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House valuations drop, but tax bills won't

Tough times set in for local real estate

By Matt Gunderson
Globe Correspondent / November 2, 2008
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Last fiscal year, home valuations on Lost Lake in Groton skyrocketed as much as 70 percent in some cases, stirring outcry from homeowners there. This year, with residential values slumping in many cities and towns, such a scenario is less likely.

In the midst of a real estate downturn, home sale prices are dipping across the region, a trend that has had a ripple effect on residential property revaluations this year, say assessors across the region.

But assessors stress that the drop in revaluations won't affect tax bills, unless a person's property value drops or increases relative to the average decline in values. If a property's value drops more than the average, the owners will see a decrease in their tax bill and, conversely, an increase if their values are higher than the average drop.

In the town of Groton, the average assessed home has skidded from $480,000 last fiscal year to $444,000 in the current one, a familiar scenario these days as the realities of a rugged real estate climate set in for cities and towns.

Groton assessor Rena Swezey sees the approximately 3 percent drop in residential valuations as a bit of a balancing process, after a housing bubble of recent years sent some local home values soaring.

"Groton hasn't seen it as extreme as other communities," said Swezey. "Properties are staying on the market a little longer. I think we're seeing more of a leveling-off in the market here."

Some municipalities have seen deeper drops than others during their annual property revaluations, perhaps illustrating that the housing market remains a moving target from community to community. For example, Carlisle assessors recorded 66 home sales in 2007, which indicates that the housing market there is still robust. But these home sales, which are used as a barometer to adjust the residential valuations annually, will push the average assessed home value in town downward between 5 and 10 percent. The revaluations are based on recent home sales for the current fiscal year, said Melissa Stamp, the principal assessor. The average assessed home in Carlisle is around $800,000, she said.

Meanwhile, some communities have seen slight increases in their average valued home. Lincoln has witnessed its home assessments climb from $818,082 in the previous fiscal year to $826,081 during its recent revaluation, a $7,999 increase.

Lisa Juszkiewicz, a spokeswoman for the Massachusetts Department of Revenue, said the state tax agency has received revaluation data from 93 of the 351 communities in the state so far this year. Of those, 24 have witnessed slight increases in their residential property assessments, while the other 69 have all seen varying degrees of decreases.

In Globe NorthWest's zone, most of the communities on the state list have seen decreases so far. Dracut's average assessment has dropped $697. Reading's has fallen $9,198, Belmont's has dropped $12,117, Burlington's has dropped $1,150, and Pepperell's average home value has skidded $15,645.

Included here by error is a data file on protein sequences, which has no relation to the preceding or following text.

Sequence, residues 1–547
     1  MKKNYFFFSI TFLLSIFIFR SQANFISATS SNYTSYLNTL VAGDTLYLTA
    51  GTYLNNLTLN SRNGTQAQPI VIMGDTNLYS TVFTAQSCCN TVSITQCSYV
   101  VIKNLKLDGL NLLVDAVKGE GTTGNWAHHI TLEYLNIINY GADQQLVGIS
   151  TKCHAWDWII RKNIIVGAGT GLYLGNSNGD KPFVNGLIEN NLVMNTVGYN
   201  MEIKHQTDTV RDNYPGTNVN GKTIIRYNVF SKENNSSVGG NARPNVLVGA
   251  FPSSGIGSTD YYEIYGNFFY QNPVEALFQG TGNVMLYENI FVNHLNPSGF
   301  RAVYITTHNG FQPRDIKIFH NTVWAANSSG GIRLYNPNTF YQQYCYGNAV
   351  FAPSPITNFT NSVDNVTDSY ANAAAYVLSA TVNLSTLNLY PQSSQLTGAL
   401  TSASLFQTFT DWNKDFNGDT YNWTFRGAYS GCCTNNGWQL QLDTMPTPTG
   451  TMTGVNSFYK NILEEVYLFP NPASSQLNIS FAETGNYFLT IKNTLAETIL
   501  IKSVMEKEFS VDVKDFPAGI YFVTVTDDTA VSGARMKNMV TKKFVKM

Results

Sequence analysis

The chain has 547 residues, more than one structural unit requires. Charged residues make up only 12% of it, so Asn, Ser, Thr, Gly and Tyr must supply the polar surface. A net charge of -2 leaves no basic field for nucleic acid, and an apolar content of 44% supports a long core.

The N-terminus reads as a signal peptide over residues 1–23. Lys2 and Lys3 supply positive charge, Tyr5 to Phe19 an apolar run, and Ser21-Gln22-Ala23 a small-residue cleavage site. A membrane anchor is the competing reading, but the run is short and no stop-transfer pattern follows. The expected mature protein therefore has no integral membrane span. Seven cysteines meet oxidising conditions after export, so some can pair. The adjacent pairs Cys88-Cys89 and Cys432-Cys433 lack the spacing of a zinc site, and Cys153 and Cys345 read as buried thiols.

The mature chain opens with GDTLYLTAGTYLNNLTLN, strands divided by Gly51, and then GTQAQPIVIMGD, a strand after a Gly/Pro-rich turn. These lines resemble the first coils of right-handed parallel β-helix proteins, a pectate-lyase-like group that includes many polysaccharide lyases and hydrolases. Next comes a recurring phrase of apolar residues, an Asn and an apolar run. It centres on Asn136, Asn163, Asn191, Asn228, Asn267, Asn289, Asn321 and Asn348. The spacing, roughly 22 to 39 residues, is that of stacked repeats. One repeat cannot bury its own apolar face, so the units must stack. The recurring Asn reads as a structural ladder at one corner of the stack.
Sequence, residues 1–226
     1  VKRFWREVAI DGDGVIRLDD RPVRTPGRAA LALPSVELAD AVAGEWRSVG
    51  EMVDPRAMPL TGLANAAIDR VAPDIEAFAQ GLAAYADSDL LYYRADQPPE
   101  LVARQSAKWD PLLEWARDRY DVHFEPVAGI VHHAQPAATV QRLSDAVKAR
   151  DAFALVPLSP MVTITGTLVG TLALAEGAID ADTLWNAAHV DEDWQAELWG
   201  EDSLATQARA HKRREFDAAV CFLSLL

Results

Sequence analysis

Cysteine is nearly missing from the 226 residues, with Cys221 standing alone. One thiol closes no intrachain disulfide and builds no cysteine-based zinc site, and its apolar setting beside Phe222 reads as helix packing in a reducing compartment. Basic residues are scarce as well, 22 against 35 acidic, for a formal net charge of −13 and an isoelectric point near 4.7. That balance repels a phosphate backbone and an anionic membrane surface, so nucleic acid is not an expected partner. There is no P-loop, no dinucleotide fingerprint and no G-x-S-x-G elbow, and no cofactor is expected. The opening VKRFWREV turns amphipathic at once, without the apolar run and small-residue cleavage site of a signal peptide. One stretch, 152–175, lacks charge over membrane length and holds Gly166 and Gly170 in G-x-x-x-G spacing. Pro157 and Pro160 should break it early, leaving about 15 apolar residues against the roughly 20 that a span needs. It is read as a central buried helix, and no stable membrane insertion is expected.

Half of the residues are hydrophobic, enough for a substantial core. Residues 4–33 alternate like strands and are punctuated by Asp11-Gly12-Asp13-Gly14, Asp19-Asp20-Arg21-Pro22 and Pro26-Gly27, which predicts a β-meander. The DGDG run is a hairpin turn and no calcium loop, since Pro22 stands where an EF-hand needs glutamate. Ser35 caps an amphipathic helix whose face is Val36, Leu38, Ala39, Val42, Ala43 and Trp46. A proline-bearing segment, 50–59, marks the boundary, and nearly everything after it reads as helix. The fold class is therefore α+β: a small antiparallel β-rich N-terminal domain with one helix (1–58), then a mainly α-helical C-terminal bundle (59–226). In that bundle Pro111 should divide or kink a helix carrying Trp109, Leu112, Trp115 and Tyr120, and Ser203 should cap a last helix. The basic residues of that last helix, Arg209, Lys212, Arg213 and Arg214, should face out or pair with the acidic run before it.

Juszkiewicz said the Department of Revenue will not determine whether there is a trend toward assessment decreases until all communities in the state have reported their figures, which is expected in December. She also noted that luxurious or extremely high-priced home sales can skew the data for different communities. If, for example, a home valued at $18 million sells for $2 million less, then it can drastically throw off the average change in assessed value for a community, she said.

"We've gotten a small sample," said Juszkiewicz. "But it's not enough data to establish a trend."

Other communities that have not yet reported to the Department of Revenue are showing declines in their home prices as well, however.

The year 2007 saw 34 more home sales in Bedford than in 2006, but associate assessor John Speidel said the average sale price fell by about 3 percent. The average assessed home in Bedford will drop 3 percent from its current value of $534,795 as a result, he said.

Speidel said some towns are seeing condominium prices drop more than single-family homes. Bedford doesn't have many condos, but in Boxborough, where numerous condos have been built near Interstate 495, the town is seeing a 4.1 percent drop this year in condo values, said Boxborough assessor William Naser. Single-family home assessments will fall by 3.2 percent, and the average single-family for the previous fiscal year is $565,500, said Naser. Meanwhile, commercial valuations have risen 6 percent, which means business in town will be shouldering a slightly higher amount of the town's property taxes, he said.

But the drop in residential valuations will also cause the town's tax rate to jump 45 cents this fall, he added.

"I think the town's still in good shape value-wise," said Naser. "It's one of the towns that doesn't have big swings either way."

In Groton, resident David Howes said he wasn't thrilled about the potential decrease in his home value. But Howes, 42, said he's not planning on selling his property anytime soon, either.

Howes said his bigger concern right now is his 401(k) retirement plan, which has been plummeting on the stock market.

"In these times, I'll take a 3 percent hit" on my home value, Howes said. "I think it's better than what other parts of the country are experiencing."

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